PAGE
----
My parents, the yobs.

Hattiejakestattoos elderly

My father, a man with a submariner’s oddly twinned attributes of a well-attuned social etiquette with a mild misanthropy, has- in his old age- become something of a liability behind the wheel.

Shielded, he believes, from the necessity of polite interaction with his fellow man he can let rip and vent his state-of-the-country spleen at the extra-vehicular world, with impunity.

Imagine his surprise, then, when pootling to Waitrose with my mother in the passenger seat, he was upbraided by a large be-spectacled woman for allowing his car to straddle the pedestrian crossing leading to its entrance.

For, it seems, that inclement South Coastal weather begging for ventilation of one’s transport via the means of open windows, his retort of ‘Oh, get out of the way, you big fat thing’, did not go unheard.

‘Who’s calling who fat?’ bellowed the large sailing ship, presumably discombobulated by the tracing of the offensive verbal abuse to my septuagenarian parents in their pressed Marks & Spencers apparel.

‘Well, I’m nothing like as large as you,’ persisted my Father, somewhat unchivalrously.

Whereupon my disgraced relatives revved the Audi to 5 miles per hour and parked in their regular disabled space, my mother lithely liberating the badge she earned for a bad back donkey’s years ago and smugly planting it on the dashboard.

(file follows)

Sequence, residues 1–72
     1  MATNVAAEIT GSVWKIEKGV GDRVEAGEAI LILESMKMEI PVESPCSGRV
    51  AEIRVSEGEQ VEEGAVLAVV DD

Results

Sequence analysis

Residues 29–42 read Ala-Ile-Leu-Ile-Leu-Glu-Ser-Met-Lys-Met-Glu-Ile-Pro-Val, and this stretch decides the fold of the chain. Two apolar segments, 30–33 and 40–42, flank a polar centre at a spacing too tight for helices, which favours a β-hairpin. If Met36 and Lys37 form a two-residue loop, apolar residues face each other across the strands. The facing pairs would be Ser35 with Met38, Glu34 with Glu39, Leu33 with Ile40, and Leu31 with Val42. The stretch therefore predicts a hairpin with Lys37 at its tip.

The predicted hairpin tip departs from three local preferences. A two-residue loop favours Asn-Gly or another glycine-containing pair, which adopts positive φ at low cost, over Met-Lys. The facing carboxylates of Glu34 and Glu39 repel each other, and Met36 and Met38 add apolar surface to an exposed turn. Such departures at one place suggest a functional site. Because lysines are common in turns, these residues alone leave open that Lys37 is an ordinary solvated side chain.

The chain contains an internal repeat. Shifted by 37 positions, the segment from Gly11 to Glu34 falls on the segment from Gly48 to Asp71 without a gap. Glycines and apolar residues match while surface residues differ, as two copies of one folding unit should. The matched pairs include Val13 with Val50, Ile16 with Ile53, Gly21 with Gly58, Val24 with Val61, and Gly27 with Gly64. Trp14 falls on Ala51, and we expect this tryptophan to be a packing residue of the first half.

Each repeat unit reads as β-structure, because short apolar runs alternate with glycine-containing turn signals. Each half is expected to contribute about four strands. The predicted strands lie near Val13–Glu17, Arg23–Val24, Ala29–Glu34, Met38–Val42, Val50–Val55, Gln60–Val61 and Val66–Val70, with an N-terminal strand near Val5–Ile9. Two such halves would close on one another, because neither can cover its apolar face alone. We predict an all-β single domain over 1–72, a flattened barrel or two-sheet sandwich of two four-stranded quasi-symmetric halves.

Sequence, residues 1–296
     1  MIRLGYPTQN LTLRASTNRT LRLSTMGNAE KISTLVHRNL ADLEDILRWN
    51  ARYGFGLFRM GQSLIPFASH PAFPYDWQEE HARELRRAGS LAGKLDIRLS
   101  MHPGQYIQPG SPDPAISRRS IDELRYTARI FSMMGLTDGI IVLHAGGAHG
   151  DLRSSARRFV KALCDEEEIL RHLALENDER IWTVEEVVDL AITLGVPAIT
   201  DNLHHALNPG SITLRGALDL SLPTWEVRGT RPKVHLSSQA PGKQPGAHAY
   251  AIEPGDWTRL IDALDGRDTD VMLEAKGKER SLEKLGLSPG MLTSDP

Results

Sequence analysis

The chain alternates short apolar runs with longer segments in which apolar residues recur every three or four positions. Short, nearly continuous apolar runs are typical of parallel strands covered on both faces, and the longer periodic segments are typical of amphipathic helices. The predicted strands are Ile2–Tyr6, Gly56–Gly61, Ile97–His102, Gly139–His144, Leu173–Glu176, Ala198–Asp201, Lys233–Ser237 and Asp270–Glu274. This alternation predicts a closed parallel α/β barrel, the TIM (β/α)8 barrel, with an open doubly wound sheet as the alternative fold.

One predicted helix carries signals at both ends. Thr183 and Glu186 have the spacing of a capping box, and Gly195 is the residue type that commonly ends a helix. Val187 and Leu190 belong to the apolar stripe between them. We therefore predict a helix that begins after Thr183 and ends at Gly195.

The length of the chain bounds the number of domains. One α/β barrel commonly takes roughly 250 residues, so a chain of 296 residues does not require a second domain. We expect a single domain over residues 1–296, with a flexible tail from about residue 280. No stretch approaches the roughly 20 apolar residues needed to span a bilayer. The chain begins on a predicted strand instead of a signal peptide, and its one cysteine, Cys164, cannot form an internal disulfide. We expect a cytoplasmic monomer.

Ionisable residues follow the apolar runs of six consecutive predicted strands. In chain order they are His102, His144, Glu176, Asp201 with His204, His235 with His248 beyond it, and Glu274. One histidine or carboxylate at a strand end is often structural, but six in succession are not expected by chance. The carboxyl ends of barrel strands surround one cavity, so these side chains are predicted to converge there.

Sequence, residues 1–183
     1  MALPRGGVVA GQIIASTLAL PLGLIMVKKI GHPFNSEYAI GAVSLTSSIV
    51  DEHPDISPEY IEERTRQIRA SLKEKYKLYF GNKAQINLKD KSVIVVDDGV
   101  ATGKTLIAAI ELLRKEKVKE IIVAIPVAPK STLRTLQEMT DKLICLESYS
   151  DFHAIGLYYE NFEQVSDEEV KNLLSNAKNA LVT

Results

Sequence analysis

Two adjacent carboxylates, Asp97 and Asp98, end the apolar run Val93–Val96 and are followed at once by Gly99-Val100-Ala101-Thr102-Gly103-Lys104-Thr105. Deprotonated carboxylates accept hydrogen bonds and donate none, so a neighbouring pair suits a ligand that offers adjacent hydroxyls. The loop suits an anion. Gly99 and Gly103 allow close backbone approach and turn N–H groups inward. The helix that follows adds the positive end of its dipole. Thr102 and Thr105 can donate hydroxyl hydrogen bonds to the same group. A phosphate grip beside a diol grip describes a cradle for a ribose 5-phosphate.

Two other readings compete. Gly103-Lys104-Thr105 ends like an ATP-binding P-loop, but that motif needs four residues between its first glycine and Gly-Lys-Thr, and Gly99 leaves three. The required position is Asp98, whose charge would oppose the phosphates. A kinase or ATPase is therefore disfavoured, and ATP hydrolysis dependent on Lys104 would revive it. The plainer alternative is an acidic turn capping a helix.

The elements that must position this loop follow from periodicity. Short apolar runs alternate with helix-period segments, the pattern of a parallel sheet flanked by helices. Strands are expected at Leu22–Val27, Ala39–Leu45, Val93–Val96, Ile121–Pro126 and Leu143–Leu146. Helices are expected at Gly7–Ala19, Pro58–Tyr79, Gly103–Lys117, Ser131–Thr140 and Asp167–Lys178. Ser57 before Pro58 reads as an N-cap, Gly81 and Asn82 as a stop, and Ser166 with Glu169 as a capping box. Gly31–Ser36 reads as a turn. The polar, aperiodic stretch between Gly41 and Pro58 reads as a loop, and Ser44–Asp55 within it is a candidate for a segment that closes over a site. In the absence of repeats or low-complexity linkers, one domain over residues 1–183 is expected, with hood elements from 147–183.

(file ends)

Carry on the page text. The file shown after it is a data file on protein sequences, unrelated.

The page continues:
I like this story so far for its silver-haired-hoodie-by-the-sea flavour but what’s best is next.

Instead of clutching her handbag close and making tutting signs at her uncouth husband my mother sighed and said, ‘Well, I hope we don’t end up on her ward next time we’re in Worthing hospital’. (My parents take mini breaks there about 15 times a year.)

‘What ward?’ asked my father, newly concerned.

‘She was wearing a matron’s uniform,’ replied Columbo-Mum.

‘Oh,’ offered my father inadequately, dense regret and dread creeping into his tone. ‘I thought it was an overall.’

And so the grocery shop passed in muted humour, the car windows firmly closed on the journey home and a slightly off taste to the daily mince pie luncheon treat.


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